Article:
What an adventure! Yesterday, I made a second trip to Koloa Gulch in Hau’ula Town with plans to explore the right fork of the stream. You see, Koloa Gulch splits towards the spine of the Ko’olau mountain range into two separate forks which are both fed by beautiful waterfalls. Previously, I had explored the left fork and its 100 + foot waterfall known as Kalo Falls. This time, I went the more popular route to the smaller Koloa Falls. Please enjoy my photowalk as I avoid hunting dogs, receive a matching scar, and arrive at one of the most scenic places I have seen on Oahu to date
Since I was returning to Koloa Gulch, there was no confusion this time. I parked at Laie Beach Park (Pounder’s Beach) and walked left down the road until I got to a massive white mansion with no trespassing signs everywhere. Across from that mansion, is a dirt road that you must take to start the trail.
At the end of the dirt road is this chain linked fence with ribbons attached. This is the start of the trail and it is on private property.
In order to hike Koloa Gulch legally, you must go into the Laie Town Shopping Center and sign a waiver with Hawaii Reserves Inc. I have a year long pass from them that I am certainly making use of. lol =p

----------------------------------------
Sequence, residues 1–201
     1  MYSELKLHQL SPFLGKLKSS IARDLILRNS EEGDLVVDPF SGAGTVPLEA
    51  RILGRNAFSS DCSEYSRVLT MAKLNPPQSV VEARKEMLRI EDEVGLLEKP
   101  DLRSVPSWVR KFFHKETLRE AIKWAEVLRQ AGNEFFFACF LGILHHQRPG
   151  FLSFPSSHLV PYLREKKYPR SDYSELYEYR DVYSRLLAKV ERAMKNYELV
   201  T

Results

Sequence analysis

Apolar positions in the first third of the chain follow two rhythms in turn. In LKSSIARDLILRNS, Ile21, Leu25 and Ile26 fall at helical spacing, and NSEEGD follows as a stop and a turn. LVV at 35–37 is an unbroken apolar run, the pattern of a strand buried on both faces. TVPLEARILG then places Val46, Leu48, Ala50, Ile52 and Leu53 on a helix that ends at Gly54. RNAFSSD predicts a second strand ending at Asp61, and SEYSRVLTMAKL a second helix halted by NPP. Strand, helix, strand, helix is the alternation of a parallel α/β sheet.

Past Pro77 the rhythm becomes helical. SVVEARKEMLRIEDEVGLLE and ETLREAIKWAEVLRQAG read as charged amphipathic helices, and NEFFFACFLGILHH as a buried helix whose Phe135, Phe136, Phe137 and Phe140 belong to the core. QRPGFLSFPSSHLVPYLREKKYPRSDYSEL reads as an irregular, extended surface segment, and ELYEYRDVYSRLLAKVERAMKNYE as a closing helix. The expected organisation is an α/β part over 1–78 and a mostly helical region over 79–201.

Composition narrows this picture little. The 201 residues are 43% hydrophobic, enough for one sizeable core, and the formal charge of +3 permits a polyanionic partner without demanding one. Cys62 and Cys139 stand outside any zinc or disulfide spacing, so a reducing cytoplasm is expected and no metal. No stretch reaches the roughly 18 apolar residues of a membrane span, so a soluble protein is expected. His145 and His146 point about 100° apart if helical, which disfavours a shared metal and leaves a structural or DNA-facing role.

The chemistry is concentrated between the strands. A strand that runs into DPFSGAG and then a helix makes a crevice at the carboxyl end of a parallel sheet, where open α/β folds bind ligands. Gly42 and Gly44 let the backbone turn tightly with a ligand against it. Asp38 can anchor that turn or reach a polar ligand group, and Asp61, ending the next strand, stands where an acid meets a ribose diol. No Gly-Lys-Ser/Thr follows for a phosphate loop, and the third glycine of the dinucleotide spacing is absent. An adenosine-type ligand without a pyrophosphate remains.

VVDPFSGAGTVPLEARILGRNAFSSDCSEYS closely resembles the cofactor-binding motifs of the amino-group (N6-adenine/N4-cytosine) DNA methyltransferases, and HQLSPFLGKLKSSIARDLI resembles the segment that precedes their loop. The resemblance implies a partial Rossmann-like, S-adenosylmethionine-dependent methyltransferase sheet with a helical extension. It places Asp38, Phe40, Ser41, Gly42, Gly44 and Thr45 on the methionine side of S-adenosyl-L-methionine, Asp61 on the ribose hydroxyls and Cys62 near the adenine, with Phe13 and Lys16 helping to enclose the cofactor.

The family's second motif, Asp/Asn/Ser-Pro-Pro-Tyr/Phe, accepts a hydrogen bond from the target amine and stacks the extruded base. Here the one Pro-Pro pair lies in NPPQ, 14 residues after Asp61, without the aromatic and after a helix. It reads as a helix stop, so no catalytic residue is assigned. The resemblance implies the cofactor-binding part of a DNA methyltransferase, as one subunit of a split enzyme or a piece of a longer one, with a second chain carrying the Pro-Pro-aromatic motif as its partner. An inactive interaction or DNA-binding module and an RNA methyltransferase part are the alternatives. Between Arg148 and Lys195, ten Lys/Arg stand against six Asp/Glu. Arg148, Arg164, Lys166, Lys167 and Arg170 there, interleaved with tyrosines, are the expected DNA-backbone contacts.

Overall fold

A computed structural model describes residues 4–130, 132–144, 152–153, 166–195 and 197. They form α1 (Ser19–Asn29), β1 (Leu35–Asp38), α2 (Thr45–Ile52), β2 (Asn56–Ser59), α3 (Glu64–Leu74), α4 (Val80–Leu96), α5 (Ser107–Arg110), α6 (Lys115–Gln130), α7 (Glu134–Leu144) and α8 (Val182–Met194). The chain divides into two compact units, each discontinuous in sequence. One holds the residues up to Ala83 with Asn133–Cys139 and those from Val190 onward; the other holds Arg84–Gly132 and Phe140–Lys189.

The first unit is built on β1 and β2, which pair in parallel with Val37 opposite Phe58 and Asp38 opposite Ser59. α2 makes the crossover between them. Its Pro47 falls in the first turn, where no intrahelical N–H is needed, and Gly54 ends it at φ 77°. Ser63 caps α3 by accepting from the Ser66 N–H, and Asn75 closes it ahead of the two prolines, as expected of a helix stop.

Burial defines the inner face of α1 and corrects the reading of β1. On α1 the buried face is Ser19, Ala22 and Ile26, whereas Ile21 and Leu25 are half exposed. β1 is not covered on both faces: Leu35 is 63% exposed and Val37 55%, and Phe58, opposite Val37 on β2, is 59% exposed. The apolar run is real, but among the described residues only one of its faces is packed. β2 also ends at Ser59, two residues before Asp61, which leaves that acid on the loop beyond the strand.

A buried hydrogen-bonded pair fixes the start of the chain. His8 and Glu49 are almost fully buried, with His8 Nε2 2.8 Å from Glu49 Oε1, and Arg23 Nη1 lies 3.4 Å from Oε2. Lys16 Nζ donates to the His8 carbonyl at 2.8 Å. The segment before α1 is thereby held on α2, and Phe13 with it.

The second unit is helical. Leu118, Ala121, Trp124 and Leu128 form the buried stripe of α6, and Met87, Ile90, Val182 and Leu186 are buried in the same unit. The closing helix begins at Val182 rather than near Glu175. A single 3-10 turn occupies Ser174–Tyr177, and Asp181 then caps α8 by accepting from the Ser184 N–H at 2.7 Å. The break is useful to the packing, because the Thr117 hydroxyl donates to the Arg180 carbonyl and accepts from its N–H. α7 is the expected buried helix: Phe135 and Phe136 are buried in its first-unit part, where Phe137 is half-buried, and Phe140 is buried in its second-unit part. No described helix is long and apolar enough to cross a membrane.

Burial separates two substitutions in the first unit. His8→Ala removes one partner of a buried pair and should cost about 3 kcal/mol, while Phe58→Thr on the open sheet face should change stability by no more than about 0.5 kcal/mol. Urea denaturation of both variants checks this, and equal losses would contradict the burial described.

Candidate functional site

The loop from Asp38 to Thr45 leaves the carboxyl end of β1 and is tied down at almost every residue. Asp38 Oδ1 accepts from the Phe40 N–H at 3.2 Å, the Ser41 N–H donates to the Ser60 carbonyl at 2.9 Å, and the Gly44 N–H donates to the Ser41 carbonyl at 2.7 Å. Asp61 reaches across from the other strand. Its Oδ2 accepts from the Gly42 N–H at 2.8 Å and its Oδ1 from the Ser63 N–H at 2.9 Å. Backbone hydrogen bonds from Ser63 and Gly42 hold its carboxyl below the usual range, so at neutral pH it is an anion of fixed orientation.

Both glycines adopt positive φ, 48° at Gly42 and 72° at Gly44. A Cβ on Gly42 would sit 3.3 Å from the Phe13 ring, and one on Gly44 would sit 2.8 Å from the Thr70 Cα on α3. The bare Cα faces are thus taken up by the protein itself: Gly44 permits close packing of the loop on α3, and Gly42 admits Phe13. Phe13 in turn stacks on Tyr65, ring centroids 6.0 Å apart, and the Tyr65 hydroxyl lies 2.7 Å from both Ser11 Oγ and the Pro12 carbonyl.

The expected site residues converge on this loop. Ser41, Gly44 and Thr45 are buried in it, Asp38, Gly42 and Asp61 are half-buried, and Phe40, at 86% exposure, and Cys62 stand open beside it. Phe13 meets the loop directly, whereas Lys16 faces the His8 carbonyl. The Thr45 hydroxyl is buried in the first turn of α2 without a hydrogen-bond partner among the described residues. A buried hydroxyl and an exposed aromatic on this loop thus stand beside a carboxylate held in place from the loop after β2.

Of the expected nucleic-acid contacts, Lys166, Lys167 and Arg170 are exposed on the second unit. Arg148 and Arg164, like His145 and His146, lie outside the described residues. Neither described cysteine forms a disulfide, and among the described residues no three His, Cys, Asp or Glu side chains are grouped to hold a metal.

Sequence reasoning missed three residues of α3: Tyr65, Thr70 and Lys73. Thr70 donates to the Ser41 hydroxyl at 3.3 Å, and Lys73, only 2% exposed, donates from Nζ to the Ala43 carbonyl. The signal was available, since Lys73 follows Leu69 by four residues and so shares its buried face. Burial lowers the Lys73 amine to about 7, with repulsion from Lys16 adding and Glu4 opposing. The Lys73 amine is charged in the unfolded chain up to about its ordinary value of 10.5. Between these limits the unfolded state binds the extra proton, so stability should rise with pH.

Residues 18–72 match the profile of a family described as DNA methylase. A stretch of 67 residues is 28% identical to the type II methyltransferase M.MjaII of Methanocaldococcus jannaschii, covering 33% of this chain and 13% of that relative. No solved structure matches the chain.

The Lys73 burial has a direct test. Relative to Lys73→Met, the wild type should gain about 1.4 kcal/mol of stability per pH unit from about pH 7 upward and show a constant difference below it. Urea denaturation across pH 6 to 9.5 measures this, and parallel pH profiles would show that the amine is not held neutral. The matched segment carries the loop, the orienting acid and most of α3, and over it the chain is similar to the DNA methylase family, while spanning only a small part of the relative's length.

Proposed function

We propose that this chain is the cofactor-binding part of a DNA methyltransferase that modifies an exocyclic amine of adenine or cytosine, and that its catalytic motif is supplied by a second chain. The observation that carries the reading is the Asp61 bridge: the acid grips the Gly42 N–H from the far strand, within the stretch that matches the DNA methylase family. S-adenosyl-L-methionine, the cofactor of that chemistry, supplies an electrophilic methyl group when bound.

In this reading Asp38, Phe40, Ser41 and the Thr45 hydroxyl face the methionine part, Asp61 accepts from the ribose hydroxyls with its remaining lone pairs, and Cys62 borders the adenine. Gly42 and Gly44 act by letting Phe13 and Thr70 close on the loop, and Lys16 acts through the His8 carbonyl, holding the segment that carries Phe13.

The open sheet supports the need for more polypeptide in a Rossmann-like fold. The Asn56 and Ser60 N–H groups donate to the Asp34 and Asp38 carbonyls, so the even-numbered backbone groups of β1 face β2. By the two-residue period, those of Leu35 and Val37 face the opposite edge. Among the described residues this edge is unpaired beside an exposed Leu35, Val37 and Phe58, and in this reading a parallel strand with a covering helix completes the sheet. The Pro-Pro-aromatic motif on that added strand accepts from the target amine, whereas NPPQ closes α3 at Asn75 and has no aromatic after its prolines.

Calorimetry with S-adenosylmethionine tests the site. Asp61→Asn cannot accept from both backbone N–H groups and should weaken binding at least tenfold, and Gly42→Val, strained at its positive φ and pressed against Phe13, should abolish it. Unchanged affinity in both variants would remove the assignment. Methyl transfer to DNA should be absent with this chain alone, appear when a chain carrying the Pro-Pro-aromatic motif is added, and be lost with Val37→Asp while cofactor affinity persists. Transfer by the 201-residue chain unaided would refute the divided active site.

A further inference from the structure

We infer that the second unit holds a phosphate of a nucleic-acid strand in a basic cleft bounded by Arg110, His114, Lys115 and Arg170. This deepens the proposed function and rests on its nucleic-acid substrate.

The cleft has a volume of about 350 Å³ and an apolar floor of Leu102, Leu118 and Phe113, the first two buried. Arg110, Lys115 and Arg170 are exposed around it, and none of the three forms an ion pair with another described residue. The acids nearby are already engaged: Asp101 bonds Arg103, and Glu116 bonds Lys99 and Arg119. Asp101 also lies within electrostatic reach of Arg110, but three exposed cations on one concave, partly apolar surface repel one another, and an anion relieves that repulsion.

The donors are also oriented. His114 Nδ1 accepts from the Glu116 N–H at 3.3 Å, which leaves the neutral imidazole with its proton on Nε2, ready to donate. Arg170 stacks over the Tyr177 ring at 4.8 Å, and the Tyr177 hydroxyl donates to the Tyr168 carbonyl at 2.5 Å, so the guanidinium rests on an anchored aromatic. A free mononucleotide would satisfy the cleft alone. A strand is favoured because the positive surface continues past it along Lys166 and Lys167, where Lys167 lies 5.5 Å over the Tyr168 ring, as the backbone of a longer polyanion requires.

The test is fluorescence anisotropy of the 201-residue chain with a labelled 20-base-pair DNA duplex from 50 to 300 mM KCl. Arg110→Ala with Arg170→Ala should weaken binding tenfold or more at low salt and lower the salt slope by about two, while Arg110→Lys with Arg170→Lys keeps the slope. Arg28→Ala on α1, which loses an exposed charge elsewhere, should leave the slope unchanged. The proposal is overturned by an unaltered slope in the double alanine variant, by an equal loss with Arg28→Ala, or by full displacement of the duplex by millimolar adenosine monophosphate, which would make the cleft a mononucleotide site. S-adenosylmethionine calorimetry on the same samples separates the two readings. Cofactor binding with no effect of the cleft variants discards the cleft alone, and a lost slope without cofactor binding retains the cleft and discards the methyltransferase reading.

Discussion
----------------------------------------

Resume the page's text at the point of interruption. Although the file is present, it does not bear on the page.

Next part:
The dirt road passes a memorial to a boy scout who died while in a flash flood and then hangs a right. Just before you reach a house, there will be this path on the left. Get ready to climb! ^^;
Gooooooood mooooorrning Laie!
Even though Koloa Gulch is considered one of the 4 main gulches of Hau’ula, it’s still right on the border with Laie Town. Don’t forget to turn around as you climb this long and steep ridge into the depths of the Ko’olaus. The view is extraordinary! (:
I love the Koloa Gulch hike because it’s half ridge and half gulch. Sure it’s incredibly long and goes over 4 miles to the spine of the Ko’olaus but it offers a nice variety of views. (:
Eventually, the trail makes it’s way slowly down to the stream.
As I went down, I could hear the sound of the babbling stream down below. However, it wasn’t as loud as before. Even though it had just rained (and was still raining), it hasn’t rained a whole lot in the past couple days so the stream flow was average.